WASHINGTON DC, June 18, 2010 – State personal income growth averaged 0.9 percent in the first quarter of 2010 up from 0.5 percent in the fourth quarter of 2009, according to estimates released today by the U.S. Bureau of Economic Analysis. Personal income increased in all but two states with growth ranging from 1.6 percent in Mississippi to –2.0 percent in North Dakota. Inflation, as measured by the national price index for personal consumption expenditures, declined to 0.4 percent in the first quarter from 0.6 percent in the fourth quarter.1
Net earnings grew 0.7 percent in the first quarter. For the U.S and twenty states, net earnings grew at the fastest pace since the recession began (in the fourth quarter of 2007).
Transfer receipts grew 3.0 percent. American Recovery and Reinvestment Act (ARRA) transfer receipts rose to $113.5 billion in the first quarter and contributed 0.1 percent to U.S. personal income growth. There were small declines in ARRA payments in some states while in other states the increases were substantial. In Mississippi, 0.7 percentage point of first quarter personal income growth (almost half) is attributable to rising ARRA payments (estimates for all states are available at /regional/pdf/ARRA.pdf).
Property income fell 0.4 percent nationally in the first quarter as declines in dividends offset rises in interest and rental income. Property income fell the most in Wyoming, 1.2 percent, reflecting the relatively high share of dividends in that state's property income. Property income rose 1.0 percent in Louisiana, boosted by an increase in homeowner assistance payments related to Hurricane Katrina. (These payments are treated as a component of the rental income of persons.)
Earnings by industry. The industry making the largest contribution to first-quarter personal income growth nationally was health care. The administrative and waste management industry and the military made the next largest contributions. The military received a 3.4 percent pay raise in the first quarter while federal civilian workers received an average 2.0 percent increase. Construction and real estate earnings continued to fall.
Farming contributed more than one-third of earnings growth in Kansas, the state where earnings grew the most the first quarter: 1.9 percent. At the same time farming accounted for all of the earnings decline in North Dakota, the state where earnings fell the most: 2.5 percent. The different performance of farming in the two states reflects the relative importance of earnings from livestock operations (which grew) and from crops, particularly wheat (which declined).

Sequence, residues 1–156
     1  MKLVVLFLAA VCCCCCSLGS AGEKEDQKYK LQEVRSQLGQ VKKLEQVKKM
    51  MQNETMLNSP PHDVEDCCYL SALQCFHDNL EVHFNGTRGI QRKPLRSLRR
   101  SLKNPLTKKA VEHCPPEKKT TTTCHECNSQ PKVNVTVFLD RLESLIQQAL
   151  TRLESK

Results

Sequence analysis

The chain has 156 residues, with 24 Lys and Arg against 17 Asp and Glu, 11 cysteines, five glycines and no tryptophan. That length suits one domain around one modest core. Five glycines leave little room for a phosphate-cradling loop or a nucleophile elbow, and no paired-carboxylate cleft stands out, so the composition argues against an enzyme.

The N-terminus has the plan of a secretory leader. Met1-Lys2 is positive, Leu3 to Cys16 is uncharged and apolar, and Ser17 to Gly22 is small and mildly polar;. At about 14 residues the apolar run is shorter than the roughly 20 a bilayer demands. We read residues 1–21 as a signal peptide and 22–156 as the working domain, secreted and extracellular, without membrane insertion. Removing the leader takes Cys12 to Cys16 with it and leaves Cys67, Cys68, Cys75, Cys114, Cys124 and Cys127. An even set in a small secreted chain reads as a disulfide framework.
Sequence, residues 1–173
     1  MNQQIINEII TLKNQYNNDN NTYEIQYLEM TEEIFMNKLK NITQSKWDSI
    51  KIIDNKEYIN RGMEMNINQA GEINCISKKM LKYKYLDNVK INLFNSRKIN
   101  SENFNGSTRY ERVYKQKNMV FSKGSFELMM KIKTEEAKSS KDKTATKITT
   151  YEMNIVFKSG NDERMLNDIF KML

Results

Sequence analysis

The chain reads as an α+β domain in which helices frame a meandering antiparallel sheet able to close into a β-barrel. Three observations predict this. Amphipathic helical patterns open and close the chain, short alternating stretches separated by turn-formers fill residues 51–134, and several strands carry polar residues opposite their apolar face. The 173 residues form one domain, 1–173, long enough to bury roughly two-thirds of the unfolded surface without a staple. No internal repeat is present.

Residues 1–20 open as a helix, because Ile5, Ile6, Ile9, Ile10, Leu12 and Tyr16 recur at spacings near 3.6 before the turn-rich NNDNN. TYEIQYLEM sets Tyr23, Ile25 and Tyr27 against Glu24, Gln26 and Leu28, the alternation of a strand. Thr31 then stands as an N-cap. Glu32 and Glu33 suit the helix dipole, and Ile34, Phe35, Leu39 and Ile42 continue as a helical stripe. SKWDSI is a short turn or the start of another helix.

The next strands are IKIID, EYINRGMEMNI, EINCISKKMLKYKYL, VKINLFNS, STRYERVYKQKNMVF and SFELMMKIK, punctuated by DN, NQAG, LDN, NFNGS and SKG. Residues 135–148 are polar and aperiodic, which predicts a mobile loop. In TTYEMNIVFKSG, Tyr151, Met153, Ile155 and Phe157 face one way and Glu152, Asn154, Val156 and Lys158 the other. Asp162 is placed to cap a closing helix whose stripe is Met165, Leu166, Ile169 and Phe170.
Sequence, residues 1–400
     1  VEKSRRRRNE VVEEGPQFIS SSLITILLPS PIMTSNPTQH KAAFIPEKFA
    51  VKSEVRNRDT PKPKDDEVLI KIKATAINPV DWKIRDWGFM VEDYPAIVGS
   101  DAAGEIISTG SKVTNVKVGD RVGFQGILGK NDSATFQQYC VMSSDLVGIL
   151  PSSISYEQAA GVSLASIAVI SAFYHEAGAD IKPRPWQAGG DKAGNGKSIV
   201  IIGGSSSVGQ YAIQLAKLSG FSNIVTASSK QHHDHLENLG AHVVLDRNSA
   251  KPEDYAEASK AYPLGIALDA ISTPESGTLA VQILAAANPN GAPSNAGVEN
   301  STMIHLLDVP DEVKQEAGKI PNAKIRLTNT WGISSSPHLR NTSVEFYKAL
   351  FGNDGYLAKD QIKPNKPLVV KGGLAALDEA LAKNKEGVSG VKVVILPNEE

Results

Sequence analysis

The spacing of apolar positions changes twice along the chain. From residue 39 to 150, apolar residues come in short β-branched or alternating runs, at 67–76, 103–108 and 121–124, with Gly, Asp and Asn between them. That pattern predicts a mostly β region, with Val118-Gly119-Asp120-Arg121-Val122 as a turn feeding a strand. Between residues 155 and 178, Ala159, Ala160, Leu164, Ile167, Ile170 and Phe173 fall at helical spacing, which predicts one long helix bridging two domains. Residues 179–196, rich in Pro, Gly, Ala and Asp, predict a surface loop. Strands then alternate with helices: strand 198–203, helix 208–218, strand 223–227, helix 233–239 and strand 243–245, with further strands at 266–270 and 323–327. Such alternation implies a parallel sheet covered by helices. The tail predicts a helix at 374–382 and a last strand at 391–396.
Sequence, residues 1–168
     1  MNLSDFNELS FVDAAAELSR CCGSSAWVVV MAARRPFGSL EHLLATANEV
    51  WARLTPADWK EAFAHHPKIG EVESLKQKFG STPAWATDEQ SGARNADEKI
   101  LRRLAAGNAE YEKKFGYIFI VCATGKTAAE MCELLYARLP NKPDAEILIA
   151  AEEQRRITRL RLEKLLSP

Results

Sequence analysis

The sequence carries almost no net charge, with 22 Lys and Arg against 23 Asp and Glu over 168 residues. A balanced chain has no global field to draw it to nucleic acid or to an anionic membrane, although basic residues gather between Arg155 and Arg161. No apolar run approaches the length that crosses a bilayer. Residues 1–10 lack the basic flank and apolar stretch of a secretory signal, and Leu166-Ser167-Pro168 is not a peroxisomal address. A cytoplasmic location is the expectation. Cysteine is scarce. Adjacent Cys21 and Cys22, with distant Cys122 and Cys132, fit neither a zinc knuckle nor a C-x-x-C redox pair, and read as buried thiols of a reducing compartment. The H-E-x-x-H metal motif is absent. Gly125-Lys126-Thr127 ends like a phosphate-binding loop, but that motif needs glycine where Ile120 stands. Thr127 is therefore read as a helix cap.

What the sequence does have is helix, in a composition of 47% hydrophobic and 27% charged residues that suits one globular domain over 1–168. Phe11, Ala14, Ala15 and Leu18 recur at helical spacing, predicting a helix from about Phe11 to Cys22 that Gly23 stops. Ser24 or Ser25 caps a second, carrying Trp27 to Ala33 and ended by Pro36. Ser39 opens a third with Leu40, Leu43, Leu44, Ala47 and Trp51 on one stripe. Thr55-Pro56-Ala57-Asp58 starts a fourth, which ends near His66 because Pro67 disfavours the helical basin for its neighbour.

Quick links to all of the regional statistics underlying this news release along with mapping and charting software and a detailed methodology are available at /regional/quick.cfm.
NOTE.–Quarter-to-quarter percent changes are calculated from unrounded data and are not annualized. Quarterly estimates are expressed at seasonally adjusted annual rates, unless otherwise specified. Quarter-to-quarter dollar changes are differences between published estimates.
1Calculated from the price indexes in Table 6 of the May 27, 2010 BEA News Release, Gross Domestic Product: First Quarter 2010 (Second Estimate).
Personal income is the income received by all persons from all sources. Personal income is the sum of net earnings by place of residence, property income, and personal current transfer receipts. Property income is rental income of persons, personal dividend income, and personal interest income. Net earnings is earnings by place of work (the sum of wage and salary disbursements, supplements to wages and salaries, and proprietors' income) less contributions for government social insurance, plus an adjustment to convert earnings by place of work to a place-of-residence basis. Personal income is measured before the deduction of personal income taxes and other personal taxes and is reported in current dollars (no adjustment is made for price changes).
The estimate of personal income in the United States is derived as the sum of the state estimates; it differs from the estimate of personal income in the national income and product accounts (NIPAs) because of differences in coverage, in the methodologies used to prepare the estimates, and in the timing of the availability of source data.
BEA groups all 50 states and the District of Columbia into eight distinct regions for purposes of data collecting and analyses: New England (Connecticut, Maine, Massachusetts, New Hampshire, Rhode Island, and Vermont); Mideast (Delaware, District of Columbia, Maryland, New Jersey, New York, and Pennsylvania); Great Lakes (Illinois, Indiana, Michigan, Ohio, and Wisconsin); Plains (Iowa, Kansas, Minnesota, Missouri, Nebraska, North Dakota, and South Dakota); Southeast (Alabama, Arkansas, Florida, Georgia, Kentucky, Louisiana, Mississippi, North Carolina, South Carolina, Tennessee, Virginia, and West Virginia); Southwest (Arizona, New Mexico, Oklahoma, and Texas); Rocky Mountain (Colorado, Idaho, Montana, Utah, and Wyoming); and Far West (Alaska, California, Hawaii, Nevada, Oregon, and Washington).
BEA's national, international, regional, and industry estimates; the Survey of Current Business; and BEA news releases are available without charge on BEA's Web site at www.bea.gov. By visiting the site, you can also subscribe to receive free e-mail summaries of BEA releases and announcements.
Next state personal income release – September 20, 2010, at 8:30 A.M. ET for state personal income, second quarter 2010.